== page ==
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Researchers at the UW are working on BrainNet, a research project that explores how people can send information brain-to-brain using a noninvasive interface.
Climate change is a pressing existential crisis at the forefront of current issues, and buildings generate nearly 40% of global greenhouse gas emissions.
Keeping players safe while maintaining the fundamentals of the game of soccer is a tricky balance to nail. Dr. Sara Chrisman, a pediatrician at UW Medicine Sports Institute, is working to get the ball rolling on the technique behind safe soccer headers.
It’s easy to feel safe in Seattle and to see wildfires as a problem in drier states, especially with our sprawling waterfront and views of green trees in any direction. However, as signs of climate change have become increasingly visible, wildfires become more common and more serious in the …
Summertime provides warm weather and high spirits as students enjoy the sunny atmosphere. However, whether spending a few hours playing soccer at the IMA or trekking through miles of trails around Snoqualmie Pass, unusual levels of heat bring dangerous risks to Seattle.
Scientific study shows that false information spreads faster than true information. According to an article in Science Magazine, “it took the truth about six times as long as falsehood to reach 1,500 people.”
The Environmental Protection Agency’s (EPA) rollback of the Obama administration’s Clean Power Plan in June hinders climate efforts in Washington according to officials and scientists.
The HIV Vaccine Trials Network (HVTN) at the Fred Hutchinson Cancer Research Center unveiled a large-scale study that tests the efficacy of a novel global HIV vaccine, which included 3800 transgender individuals and men who have sex with men from eight countries.
While a minor in quantitative science is something that most students think is an easier version of math, the program brings an interdisciplinary approach to STEM by targeting real-world problems are relevant to students.
At 2:51 a.m. Friday morning, a 4.6 earthquake struck just north of Monroe in the Three Lakes area and a series of smaller aftershocks were felt in the three hours following the initial earthquake, including a 3.5 magnitude aftershock at 2:53 a.m.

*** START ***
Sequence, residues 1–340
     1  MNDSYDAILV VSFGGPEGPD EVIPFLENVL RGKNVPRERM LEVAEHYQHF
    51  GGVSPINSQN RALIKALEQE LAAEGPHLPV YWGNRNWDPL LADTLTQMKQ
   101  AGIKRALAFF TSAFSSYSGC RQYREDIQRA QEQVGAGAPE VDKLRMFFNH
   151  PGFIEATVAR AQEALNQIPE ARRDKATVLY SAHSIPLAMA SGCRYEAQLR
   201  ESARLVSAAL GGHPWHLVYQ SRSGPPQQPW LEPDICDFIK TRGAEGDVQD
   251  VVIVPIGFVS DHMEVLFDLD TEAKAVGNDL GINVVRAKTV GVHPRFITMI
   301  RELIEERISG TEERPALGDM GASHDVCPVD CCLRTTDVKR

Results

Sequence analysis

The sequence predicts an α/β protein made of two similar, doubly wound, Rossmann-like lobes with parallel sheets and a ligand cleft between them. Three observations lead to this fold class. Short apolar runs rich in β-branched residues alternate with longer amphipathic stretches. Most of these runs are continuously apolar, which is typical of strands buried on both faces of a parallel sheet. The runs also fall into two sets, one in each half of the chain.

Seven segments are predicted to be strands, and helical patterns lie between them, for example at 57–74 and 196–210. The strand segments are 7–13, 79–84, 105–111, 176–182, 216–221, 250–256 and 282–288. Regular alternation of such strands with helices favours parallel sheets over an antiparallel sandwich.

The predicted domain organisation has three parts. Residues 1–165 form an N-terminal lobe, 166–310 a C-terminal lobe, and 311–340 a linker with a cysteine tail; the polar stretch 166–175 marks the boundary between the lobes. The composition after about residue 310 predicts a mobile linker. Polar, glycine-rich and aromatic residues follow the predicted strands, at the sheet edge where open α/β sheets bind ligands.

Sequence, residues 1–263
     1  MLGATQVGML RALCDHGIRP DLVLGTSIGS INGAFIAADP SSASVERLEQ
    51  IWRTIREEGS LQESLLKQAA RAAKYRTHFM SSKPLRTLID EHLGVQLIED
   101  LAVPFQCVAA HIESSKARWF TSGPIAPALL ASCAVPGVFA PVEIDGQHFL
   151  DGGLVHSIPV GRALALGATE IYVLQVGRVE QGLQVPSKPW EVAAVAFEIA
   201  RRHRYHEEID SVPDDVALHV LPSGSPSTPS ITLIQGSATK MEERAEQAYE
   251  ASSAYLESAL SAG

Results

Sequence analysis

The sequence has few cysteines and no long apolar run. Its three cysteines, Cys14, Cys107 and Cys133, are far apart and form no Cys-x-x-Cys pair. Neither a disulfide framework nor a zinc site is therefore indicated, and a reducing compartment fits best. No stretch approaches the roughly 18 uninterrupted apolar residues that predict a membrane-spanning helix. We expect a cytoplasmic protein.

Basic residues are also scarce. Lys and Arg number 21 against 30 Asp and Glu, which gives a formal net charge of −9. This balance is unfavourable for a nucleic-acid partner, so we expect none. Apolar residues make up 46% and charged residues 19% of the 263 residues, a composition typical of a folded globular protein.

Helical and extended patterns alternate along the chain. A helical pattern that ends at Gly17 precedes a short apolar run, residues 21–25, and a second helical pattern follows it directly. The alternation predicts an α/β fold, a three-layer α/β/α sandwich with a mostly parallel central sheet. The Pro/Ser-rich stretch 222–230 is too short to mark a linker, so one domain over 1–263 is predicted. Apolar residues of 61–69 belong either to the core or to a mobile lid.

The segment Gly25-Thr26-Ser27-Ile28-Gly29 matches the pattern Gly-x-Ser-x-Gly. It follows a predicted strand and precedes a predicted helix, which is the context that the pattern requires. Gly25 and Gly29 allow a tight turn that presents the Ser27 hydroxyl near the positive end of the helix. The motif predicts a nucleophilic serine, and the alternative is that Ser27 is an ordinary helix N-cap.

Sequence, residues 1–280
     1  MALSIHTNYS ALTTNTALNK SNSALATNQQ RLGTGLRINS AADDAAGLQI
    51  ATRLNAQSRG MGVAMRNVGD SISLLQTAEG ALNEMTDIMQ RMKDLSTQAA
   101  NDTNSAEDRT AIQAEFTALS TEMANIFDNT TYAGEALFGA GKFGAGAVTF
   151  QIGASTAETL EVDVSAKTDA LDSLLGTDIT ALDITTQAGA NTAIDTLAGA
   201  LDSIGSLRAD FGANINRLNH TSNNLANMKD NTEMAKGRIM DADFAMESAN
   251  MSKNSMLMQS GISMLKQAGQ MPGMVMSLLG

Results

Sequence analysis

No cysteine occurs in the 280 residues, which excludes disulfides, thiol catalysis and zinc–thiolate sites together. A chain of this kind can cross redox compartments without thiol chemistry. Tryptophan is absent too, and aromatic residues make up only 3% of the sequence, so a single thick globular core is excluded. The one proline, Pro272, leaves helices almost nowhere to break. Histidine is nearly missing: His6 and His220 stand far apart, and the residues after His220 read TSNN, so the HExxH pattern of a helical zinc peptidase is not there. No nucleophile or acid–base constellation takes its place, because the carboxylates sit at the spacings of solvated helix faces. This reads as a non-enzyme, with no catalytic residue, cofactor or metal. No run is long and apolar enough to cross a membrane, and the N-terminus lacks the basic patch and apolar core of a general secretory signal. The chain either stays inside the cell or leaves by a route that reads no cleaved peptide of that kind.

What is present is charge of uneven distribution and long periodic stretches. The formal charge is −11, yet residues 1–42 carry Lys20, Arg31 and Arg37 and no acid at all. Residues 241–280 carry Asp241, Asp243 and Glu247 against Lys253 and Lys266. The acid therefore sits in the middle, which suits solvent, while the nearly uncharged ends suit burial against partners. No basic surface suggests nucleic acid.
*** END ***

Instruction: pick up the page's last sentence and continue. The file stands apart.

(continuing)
Researchers at the UW Networks & Mobile Systems Lab have developed smart phone and speaker technology to monitor breathing patterns of people at risk for cardiac arrest.
The UW’s Alcohol & Drug Abuse Institute and Dan Burgard, a chemistry professor at the University of Puget Sound, analyzed water that shows marijuana consumption has increased since the legalization in 2013.
For new admits to the College of Engineering, peer-led clustered courses known as Engineering First-Year Interest Groups (FIGs) seek to help develop strong study skills, a sense of community, and connect to upper-class undergraduate mentors. However, some students feel they are an imperfect …
Foreign languages are taught in around 90% of high schools across America, but only 20.7% of the population can speak a second language, and even fewer can read, speak, and comprehend this language well enough to use it in their everyday lives. Psychology graduate student Margarita Zeitlin i…
In conjunction with Microsoft, Black Girls CODE (BGC) launched its 15th chapter in Seattle in early April.
It’s the morning of your midterm and you forgot a calculator. You don’t have time to return home and your friends have yet to see your frantic texts pleading for help. The UW Student Technology Loan Program (STLP) can help whenever you find yourself lacking the technology you need to succeed.
Inspired by the Japanese art of paper folding, UW engineers in the department of aeronautics and astronautics recently published an article that suggests new ways to reduce impact force in circumstances like spacecraft landings and car airbag systems.
Those addicted to opioids deserve a second chance.
A recent UW study published in Nature suggests man-made blockades are damaging the biodiversity in rivers.
Faculty, students, and staff gathered in Kane Hall May 30 to celebrate the legacy of renowned psychologist and UW Professor Emeritus Dr. Marsha Linehan. The lecture, put on by the department of psychology, was held to mark Linehan’s retirement from the UW, where she has taught since 1977.
The UW’s Dr. Kelly Stevens, a professor of bioengineering, is leading a group of scientists and bioengineers from the UW, Rice University, and Duke University in an effort to 3D-print organs. Their findings were published on May 3 in Science Magazine.
Someday, you may be able to get from Los Angeles to San Francisco in just 35 minutes through a high-speed tube.
A ferry boat hit a humpback whale and The Seattle Times has turned it into a positive story. The collision was said to be the result of an increased population of humpback whales, which have previously had extremely low numbers, so yay! On the negative side, however, the resurgence means Tue…
It is no surprise that the climate emergency, as it becomes a prominent global issue, is a hot-button topic at the UW. UW students themselves are uniquely positioned to take interest in the issue as Seattle prepares to face the impacts of global environmental changes.
The UW Institute for Science + Math Education has partnered with ClimeTime, a Washington public schools initiative for climate science education, to put a $4 million science education grant to work, educating teachers and providing equitable access to STEM education.